Most modern medicines are carefully synthesized organic molecules so potent that each pill contains only a few milligrams of the active ingredient. Pepto-Bismol is a fascinating exception, both because its active ingredient is bismuth, a heavy metal commonly used in shotgun pellets, and because there is a lot of it in each dose. So much, in fact, that I was able to extract a slug of bismuth metal from a pile of pink pills.
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One two-pill dose of Pepto-Bismol contains 262 milligrams (more than a quarter of a gram) of bismuth subsalicylate, and about an eighth of that weight is bismuth. It's not just bits of ground-up bismuth metal, though. The bismuth is combined chemically with salicylate, an organic molecule. To get bismuth metal, you have to reduce it chemically, the way iron ore has to be reduced to make iron metal.
I tried reducing Pepto-Bismol by heating it with charcoal, the same method used to reduce iron ore, but that didn't work very well. All I got was crumbly slag. Fortunately, I found a better procedure with an assist from science-experiment website thechemlife.com, which recommends isolating the bismuth by reaction with aluminum in an acid solution. This way requires only muriatic acid (found in the paint department at my local hardware store) and aluminum foil (found in my kitchen).
The demonstration took a while: I had to grind, dissolve, filter, precipitate, and filter the stuff again. Not unlike the digestion process Pepto aids, you start with nice colorful morsels and end up with dark crud. For logistical reasons, I had not actually tried the method before we set up the photo shoot, so it was quite a joy when I first saw beads of liquid metal form as I heated the crud, telling me that we had not wasted an entire day on a wild bismuth chase.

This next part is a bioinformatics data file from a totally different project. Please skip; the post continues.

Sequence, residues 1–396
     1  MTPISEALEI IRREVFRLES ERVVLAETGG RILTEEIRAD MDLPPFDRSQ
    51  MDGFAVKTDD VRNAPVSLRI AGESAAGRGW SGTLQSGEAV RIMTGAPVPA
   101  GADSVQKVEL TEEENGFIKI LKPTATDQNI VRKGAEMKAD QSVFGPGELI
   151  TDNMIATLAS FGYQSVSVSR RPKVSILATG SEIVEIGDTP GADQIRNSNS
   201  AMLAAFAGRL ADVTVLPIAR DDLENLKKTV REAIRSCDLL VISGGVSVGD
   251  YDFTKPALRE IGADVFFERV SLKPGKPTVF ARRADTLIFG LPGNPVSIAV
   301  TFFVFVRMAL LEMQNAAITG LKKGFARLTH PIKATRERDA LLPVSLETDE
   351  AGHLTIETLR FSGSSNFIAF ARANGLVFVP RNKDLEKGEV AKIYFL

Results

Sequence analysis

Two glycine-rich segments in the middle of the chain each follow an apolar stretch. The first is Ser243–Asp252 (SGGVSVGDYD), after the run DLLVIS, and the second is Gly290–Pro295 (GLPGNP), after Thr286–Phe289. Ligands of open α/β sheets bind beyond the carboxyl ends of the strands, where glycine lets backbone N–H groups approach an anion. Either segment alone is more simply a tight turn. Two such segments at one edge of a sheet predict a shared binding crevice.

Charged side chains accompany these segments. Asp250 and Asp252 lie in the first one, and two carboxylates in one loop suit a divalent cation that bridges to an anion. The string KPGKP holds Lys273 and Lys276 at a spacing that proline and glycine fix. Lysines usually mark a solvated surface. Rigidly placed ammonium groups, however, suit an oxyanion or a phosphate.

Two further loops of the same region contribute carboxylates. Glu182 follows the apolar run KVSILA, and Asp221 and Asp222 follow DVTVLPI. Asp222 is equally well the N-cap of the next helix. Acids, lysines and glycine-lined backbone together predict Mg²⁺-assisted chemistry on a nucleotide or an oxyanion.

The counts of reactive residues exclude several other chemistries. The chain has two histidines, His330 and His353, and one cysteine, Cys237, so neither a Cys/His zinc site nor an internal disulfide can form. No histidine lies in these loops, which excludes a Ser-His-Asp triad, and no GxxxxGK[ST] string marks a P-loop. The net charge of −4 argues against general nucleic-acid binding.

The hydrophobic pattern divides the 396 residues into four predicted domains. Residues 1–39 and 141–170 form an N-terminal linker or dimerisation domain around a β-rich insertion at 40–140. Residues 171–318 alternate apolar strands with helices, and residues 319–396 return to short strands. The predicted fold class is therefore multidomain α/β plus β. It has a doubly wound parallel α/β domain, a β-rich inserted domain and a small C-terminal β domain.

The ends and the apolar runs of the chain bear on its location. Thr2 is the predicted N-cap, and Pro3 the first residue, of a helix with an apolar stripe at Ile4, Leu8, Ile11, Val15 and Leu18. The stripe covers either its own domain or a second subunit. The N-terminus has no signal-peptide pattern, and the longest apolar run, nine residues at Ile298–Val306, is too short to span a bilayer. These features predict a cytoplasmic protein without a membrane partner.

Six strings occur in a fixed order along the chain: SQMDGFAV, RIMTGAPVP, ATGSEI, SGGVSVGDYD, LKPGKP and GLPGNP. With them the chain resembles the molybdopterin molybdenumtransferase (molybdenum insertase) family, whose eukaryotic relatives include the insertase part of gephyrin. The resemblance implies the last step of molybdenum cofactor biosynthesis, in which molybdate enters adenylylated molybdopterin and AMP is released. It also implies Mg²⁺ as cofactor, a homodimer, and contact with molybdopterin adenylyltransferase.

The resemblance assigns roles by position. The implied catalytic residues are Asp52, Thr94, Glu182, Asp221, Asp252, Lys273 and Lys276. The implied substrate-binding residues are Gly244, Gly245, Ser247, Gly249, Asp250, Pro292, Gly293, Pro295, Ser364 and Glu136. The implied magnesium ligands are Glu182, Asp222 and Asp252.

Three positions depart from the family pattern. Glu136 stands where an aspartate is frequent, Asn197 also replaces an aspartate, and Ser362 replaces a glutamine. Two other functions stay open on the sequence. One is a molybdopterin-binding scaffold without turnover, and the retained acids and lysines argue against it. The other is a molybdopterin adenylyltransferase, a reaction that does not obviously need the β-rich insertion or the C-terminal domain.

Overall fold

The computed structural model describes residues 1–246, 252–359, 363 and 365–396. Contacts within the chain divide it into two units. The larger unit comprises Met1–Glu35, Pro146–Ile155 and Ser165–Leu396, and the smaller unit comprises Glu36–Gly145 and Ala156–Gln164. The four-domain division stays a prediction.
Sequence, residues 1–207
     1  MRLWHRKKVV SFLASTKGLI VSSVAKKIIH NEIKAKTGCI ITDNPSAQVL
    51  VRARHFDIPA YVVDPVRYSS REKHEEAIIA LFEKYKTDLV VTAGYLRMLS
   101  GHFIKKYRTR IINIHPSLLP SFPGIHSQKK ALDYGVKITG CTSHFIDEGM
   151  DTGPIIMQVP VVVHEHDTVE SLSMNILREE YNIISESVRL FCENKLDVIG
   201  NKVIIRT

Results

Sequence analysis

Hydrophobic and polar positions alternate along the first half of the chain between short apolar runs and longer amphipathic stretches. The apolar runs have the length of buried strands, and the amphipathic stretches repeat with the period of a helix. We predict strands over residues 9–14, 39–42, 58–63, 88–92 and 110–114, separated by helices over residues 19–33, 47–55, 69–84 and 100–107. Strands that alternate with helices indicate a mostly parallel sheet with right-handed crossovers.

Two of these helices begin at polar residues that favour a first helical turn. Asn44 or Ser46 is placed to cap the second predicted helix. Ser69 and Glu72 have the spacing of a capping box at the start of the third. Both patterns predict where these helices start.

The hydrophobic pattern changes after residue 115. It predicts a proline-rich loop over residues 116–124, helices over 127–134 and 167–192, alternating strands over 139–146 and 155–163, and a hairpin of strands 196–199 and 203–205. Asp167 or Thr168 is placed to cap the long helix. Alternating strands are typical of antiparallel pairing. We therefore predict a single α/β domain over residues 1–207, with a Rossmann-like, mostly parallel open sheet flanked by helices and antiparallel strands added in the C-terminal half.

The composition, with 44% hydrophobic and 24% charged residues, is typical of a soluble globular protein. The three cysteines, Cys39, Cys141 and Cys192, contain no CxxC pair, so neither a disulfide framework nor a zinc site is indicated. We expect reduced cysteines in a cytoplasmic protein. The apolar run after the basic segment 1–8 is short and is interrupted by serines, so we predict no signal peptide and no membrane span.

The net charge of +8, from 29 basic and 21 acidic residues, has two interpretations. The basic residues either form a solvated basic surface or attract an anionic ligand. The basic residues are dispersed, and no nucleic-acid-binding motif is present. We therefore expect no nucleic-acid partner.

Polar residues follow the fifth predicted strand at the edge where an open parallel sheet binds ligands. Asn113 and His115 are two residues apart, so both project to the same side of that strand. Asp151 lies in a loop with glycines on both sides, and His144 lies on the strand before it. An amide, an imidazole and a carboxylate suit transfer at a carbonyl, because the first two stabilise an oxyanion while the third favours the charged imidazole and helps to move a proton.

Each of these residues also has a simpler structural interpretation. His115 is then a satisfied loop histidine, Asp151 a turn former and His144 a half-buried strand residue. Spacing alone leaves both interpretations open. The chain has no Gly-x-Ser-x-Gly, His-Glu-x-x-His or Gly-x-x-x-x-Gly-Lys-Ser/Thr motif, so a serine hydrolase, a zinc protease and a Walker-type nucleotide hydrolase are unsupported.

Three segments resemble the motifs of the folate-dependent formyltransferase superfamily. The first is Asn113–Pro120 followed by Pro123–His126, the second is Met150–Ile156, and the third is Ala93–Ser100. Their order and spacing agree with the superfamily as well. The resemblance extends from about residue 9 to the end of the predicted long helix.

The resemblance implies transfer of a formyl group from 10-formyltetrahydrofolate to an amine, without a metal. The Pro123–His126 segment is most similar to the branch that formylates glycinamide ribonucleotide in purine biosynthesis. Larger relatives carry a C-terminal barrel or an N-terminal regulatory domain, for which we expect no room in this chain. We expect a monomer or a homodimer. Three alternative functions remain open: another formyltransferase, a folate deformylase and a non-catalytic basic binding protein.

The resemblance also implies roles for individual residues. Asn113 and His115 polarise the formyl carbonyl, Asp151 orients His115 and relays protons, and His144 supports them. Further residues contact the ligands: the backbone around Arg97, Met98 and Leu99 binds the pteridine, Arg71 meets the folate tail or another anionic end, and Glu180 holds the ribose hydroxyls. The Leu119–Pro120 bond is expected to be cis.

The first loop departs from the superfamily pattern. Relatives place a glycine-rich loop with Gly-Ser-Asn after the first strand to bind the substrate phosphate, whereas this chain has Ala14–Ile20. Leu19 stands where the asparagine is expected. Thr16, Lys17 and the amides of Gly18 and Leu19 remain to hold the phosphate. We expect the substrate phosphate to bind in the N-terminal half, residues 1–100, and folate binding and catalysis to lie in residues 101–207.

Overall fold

Hi, so what happened to the aluminum, did it end up completely in solution to be passed through the filter, or is some included with the bismuth powder/metal?
Side effects of Bismuth Subsalicylate on the human body:
Since were breaking things down, most of the human body is made up of water, H2O, with cells consisting of 65-90% water by weight. Therefore, it isn't surprising that most of a human body's mass is oxygen. Carbon, the basic unit for organic molecules, comes in second. 99% of the mass of the human body is made up of just six elements: oxygen, carbon, hydrogen, nitrogen, calcium, and phosphorus.
11.Copper, Zinc, Selenium, Molybdenum, Fluorine, Chlorine, Iodine, Manganese, Cobalt, Iron (0.70%)
12.Lithium, Strontium, Aluminum, Silicon, Lead, Vanadium, Arsenic, Bromine (trace amounts).
Shake, mix and add a spark of soul, and you have a human, Wa-La! Well, the mixing part might be a little more complicated. ;)
we can synthesize each and every one of the components of the human body, but i think that as we keep going down to our base materials we'll always find something missing...
to mars or bust!
My science teacher just gave me permission to do this in class